Attorneys seek intellectual disability ruling to prevent execution for Dru Sjodin's killer
The request comes a month after Alfonso Rodriguez won an appeal. A federal judge ruled trial attorneys failed to challenge "unreliable, misleading and inaccurate" information about the cause of death that was presented by a medical examiner, as well as exploring the possibility that PTSD could have caused Rodriguez to lose his sense of reality.
FARGO — A judge who overturned a death sentence for Dru Sjodin’s killer was wrong to exclude the defendant’s intellectual disability as one of the reasons he can’t be executed, public defenders are arguing in recent court filings.
The request seeks to amend Judge Ralph Erickson’s order to resentence 68-year-old Alfonso Rodriguez. A medical examiner gave "unreliable, misleading and inaccurate" information about the cause of Sjodin’s death, and post-traumatic stress disorder could have caused Rodriguez to lose his sense of reality, the Eighth Circuit Court of Appeals judge ruled on behalf of the U.S. District Court of North Dakota in early September.
Defense attorneys for Rodriguez were ruled ineffective for not challenging the medical examiner’s opinion and failing to explore Rodriguez’s PTSD, Erickson opined as reasons for overturning the death sentence. However, the judge said, Rodriguez’s appeal attorneys, who are based in Philadelphia, did not prove his intellectual disability could be used to avoid capital punishment.
In an Oct. 1 filing, Rodriguez’s attorneys asked Erickson to reconsider his decision on intellectual disability, which could strengthen their arguments if prosecutors try to seek the death penalty again.
A jury sentenced Rodriguez to death in 2007 for kidnapping the 22-year-old Sjodin on Nov. 22, 2003, from Columbia Mall in Grand Forks. Prosecutors said he raped Sjodin, marched her into a ravine near Crookston, Minnesota, and killed her.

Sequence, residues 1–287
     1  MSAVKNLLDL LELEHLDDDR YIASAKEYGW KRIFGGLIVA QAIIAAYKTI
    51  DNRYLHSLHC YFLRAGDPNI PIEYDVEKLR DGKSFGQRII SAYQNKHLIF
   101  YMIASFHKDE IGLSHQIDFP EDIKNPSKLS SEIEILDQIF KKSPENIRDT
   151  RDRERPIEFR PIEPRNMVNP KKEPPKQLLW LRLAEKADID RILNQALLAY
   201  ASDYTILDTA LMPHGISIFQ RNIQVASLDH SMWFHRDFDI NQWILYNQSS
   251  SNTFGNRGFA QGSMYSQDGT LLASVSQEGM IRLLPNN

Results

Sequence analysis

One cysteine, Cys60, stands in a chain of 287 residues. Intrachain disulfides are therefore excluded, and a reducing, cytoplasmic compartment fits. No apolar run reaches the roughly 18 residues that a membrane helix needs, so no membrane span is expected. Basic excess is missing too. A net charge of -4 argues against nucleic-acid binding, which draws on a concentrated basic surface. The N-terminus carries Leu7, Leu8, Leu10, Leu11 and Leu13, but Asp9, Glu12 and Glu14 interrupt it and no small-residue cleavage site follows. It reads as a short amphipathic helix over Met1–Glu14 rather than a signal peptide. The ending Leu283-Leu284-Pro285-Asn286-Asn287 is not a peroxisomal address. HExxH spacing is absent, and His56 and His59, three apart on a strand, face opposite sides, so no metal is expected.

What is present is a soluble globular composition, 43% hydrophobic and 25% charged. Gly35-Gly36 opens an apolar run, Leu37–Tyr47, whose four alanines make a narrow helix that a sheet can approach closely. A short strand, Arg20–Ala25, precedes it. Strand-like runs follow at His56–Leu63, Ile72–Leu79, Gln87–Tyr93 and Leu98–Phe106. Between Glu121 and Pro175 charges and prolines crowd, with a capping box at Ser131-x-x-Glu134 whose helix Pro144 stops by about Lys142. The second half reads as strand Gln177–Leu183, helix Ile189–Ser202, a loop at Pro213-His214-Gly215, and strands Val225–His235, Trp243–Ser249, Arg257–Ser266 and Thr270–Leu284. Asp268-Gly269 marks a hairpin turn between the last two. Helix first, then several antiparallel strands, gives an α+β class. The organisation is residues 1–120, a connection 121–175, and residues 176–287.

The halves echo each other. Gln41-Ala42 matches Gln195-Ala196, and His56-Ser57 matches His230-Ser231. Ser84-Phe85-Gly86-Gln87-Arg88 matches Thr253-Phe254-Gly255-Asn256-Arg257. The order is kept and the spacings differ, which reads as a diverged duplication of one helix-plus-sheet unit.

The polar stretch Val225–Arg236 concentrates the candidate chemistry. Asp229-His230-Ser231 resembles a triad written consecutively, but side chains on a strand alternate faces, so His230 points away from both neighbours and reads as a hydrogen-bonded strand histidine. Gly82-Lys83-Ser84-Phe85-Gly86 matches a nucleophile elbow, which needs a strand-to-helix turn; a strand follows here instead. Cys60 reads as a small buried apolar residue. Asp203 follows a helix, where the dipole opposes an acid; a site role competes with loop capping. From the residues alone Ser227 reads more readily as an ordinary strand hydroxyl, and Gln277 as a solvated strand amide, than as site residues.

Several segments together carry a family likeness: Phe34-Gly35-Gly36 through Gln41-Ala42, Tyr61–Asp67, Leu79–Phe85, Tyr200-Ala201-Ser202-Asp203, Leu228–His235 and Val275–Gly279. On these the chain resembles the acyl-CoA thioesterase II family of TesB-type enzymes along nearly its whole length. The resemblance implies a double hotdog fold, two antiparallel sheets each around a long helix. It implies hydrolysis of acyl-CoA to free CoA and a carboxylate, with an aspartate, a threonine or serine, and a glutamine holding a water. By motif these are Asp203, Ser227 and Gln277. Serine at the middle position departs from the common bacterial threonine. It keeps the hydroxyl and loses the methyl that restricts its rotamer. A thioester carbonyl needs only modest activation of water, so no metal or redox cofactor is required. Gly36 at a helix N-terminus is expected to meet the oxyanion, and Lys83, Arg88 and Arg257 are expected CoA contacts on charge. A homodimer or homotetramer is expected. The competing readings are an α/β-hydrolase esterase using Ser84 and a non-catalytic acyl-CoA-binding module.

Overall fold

Her body was found April 17, 2004, in the ravine. Rodriguez was convicted of kidnapping resulting in death in 2006.
The guilty verdict still stands, but prosecutors must decide whether to appeal Erickson’s ruling, seek the death penalty during a new sentencing hearing or agree to let Rodriguez serve the rest of his life in prison. They must consult the U.S. Department of Justice in Washington, D.C., before proceeding.
Seeking the death penalty could be an upward battle, given that President Joe Biden has voice opposition to capital punishment. The Justice Department has put a hold on executions, though it still is seeking the death penalty in some high-profile cases.
Prosecutors have argued how Sjodin died — an autopsy report said the cause of death could have been from a wound to her neck, suffocation, strangulation or exposure to cold weather — doesn’t matter. Rodriguez’s actions, lack of cooperation with investigators and refusal to take responsibility, among other reasons, deserved the death penalty.
Former U.S. Attorney Drew Wrigley also said Rodriguez’s trial team waived the right to use a PTSD defense.
Rodriguez's appeal attorneys argue the claims laid out in the Oct. 1 filing fall under the U.S. Supreme Court ruling Atkins v. Virginia, which states executing people who have been diagnosed with an intellectual disability is cruel and unusual punishment in violation of the Eighth Amendment. A person must show deficits in intellectual function and adaptive behavior, as well as exhibit onset of the condition before the age of 18.
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Rodriguez met the first two criteria but didn’t prove he was disabled before he turned 18, Erickson ruled.
Rodriguez was exposed to neurotoxic pesticides before he was born and when he was a child, and he started drinking alcohol and using drugs as early as age 7, according to his attorneys.
Those two things contributed to his intellectual disability, Rodriguez's team argued. He has a history of brain trauma, symptoms of obsessive-compulsive disorder and a family history that includes dementia, according to court documents.
Public defenders also noted the American Association on Intellectual and Developmental Disabilities has changed its criteria for an intellectual disability to occur. Instead of 18, the developmental period in a human can last until age 22, according to definitions published in January.
Prosecutors previously argued Rodriguez did not meet the standards of an Atkins claim. He passed a General Educational Development, or GED, test and demonstrated his intelligence through reasoning, problem-solving, planning, reading and other skills, Wrigley said. Trial attorneys also didn’t pursue the Atkins strategy, Wrigley added.
Erickson noted Rodriguez self-reported reading more than 900 books.
A response from the U.S. Attorney’s Office in North Dakota is due Oct. 15, but prosecutors asked in a Friday court filing to extend the deadline to Oct. 29.
Public defender Joseph Luby, who penned the intellectual disability request, did not return messages left by The Forum.